FIG. 5 shows a signal with and without filtering to remove harmonics. Line **14** shows the pilot sweep, with a ramp up to start, followed by a signal with constant amplitude and linearly increasing frequency with time. Line **15** shows the measured source signature (as in FIG. **2**), normalised to the same mean amplitude as the pilot sweep. The amplitude varies, and at low frequencies it is clear that the waveform shape is different.

Line **16** shows the measured fundamental. Now the amplitude varies in the same manner as the measured source signature **15**, but the wave form is similar to that of the pilot sweep **14**.

FIG. 6 shows the same signals in more detail between 0.8 and 1 seconds. The measured fundamental **16** is in phase with the measured source signature **15**, and slightly out of phase with the pilot sweep **14**, but has the same frequency content as the pilot sweep **14**.

The next stage is to multiply the data by a windowing function (a function that goes smoothly to zero at the edges of the window). This is done simply to ensure that there are no irregularities at the edge of the data. Following this, the source signature is Fourier transformed back to the frequency domain, and this now gives an estimate of the Fourier transform of the fundamental applied to the ground, multiplied by the complex conjugate of the Fourier transform of the pilot sweep.

The same transformation is applied to the receiver data (cross-correlation with a pilot sweep and windowing), except that for the receiver data the time window goes from 0 to the listening time (the maximum time needed for the seismogram).

FIG. 7 shows an uncorrelated geophone trace **17**, and FIG. 8 shows a geophone trace after cross-correlation with the pilot sweep and windowing.

FIG. 9 illustrates the main operations detailed above in the form of a flow chart.

If there are the same number of vibrators as shots, then the inversion procedure is straightforward. The only subtleties come from ensuring that the inversion is well-behaved at the edges of the vibrator's frequency band.

One example of carrying out the inversion procedure is as follows:

Let M(f) be the matrix of the Fourier transform of the fundamental, multiplied by the complex conjugate of the Fourier transform of the pilot sweep, as a function of frequency. M(f) is determined as described above for each sweep at each vibrator.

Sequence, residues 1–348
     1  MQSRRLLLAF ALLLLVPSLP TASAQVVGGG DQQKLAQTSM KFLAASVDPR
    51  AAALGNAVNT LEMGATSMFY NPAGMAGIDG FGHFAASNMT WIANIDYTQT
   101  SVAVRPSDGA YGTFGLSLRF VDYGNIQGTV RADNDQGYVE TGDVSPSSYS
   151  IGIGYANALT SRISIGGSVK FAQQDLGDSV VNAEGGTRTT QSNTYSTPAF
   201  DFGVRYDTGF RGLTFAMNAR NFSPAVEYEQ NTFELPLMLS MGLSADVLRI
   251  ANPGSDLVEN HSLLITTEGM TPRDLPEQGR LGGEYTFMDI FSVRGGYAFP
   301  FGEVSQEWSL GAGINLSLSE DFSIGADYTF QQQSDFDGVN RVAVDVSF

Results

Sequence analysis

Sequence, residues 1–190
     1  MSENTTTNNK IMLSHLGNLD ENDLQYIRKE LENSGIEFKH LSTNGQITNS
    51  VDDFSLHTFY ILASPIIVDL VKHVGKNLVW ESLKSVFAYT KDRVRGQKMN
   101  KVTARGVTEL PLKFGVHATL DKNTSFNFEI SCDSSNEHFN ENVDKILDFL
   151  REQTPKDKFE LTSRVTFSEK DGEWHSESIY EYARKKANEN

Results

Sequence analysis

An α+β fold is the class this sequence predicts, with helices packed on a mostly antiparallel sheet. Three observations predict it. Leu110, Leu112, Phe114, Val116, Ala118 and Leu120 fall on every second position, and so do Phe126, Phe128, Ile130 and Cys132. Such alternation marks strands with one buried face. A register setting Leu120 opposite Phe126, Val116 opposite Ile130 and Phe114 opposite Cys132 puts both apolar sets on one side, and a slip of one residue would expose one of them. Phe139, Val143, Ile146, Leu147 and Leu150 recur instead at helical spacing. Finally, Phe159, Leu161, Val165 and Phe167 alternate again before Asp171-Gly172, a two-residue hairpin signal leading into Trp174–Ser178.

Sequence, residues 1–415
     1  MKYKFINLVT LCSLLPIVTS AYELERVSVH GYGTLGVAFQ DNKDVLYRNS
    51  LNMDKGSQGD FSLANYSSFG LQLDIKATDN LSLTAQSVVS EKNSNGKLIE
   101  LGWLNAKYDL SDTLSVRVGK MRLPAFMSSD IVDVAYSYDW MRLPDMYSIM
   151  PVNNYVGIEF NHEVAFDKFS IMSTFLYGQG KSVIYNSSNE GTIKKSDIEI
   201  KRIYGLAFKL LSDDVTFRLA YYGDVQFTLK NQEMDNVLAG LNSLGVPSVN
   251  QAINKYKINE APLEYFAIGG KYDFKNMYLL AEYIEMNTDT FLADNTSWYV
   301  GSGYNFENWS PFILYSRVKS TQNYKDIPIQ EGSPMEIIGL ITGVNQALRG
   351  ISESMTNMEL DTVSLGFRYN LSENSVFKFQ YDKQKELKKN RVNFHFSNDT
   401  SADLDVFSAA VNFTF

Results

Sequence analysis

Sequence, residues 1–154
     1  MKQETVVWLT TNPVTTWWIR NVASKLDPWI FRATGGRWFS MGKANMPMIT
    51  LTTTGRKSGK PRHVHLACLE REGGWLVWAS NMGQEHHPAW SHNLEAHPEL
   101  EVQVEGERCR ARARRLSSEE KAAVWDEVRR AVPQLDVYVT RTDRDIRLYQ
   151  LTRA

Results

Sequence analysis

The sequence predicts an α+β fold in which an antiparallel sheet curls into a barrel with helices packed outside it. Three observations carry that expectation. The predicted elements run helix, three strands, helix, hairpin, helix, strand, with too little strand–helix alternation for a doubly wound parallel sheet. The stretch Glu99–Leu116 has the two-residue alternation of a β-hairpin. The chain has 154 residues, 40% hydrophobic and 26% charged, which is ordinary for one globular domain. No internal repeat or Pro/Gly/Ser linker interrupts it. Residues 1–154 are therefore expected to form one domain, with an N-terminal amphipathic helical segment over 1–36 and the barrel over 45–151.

Let W(f) be a frequency domain windowing function, which is close to 1 over the main bandwidth of the vibrator sweep, and tends to zero outside the sweep band. If f_{0 }is the lowest frequency of the sweep, f_{1 }the upper frequency, f_{0} ^{F }the lowest frequency at full amplitude and f_{1} ^{F }the highest frequency at full amplitude, then an example of W(f) is given by

Let S(f) be the ideal version of M(f), i.e. if the vibrator had followed its design sweep exactly, M and S would be same.

Let S^{⊥}(f) be a matrix such that S^{⊥}S is proportional to the identity matrix, real and of the same magnitude as the absolute value of the pilot sweep squared.

Let {circumflex over (M)} (a scalar) be the median of the values of the absolute value of M between

Finally let Λ be a small positive number (for example 0.01) to regularise the matrix inversion of M.

A suitable inverse operator is given for each frequency by

As well as inverting the signal at the geophone, the inverse operator must not magnify any noise. The term involving Λ makes the inverse better conditioned. The conditioning of the matrix inversion depends on the ration of the maximum to the minimum eigenvalues of M. The larger this ratio, the less stable the inversion (the more it will magnify any noise present). At the end of the frequency band of the sweep, M can be ill-conditioned. Adding the Λ term ensures that the eigenvalues cannot get too small, at the expense of the calculated matrix not being exactly an inverse of M.

The first term on the right takes the inverse smoothly from inverting the data correctly in-band (where there is a signal) to being zero out of band (where there is nothing to invert).

When more shots are taken than there are vibrators, the system is called over-determined. There is a much greater choice in how to invert the data. If there are m vibrators each making n shots then clearly any set of nm of these shots may be used for inversion—thus it is clear that the space of inverses is n-in dimensional.

If the noise on each recorded trace is equal, then it is well known that the best inverse (in the sense of minimising the noise on the final traces) is given by

*M* ^{⊥}=(*M*M*)^{(−1)} *M**

If some regularisation is required then, as above, a small regularisation constant may be added to the matrix M*M. Therefore once regularisation and windowing are included, we have

Alternatively, a better method of inversion is to include an estimate of the noise on each recorded trace and to use this in the inversion process.

If there are n shots, then at each receiver there are n traces; each of which has noise N, in other words N is what would have been measured at the geophone had the vibrator not been sweeping. We can define the matrix P as the correlation matrix of the noise N. The component of P in the ith column and jth row (P_{ij}) is given by

*P* _{ij} *=<N* _{i} *N* _{j}*>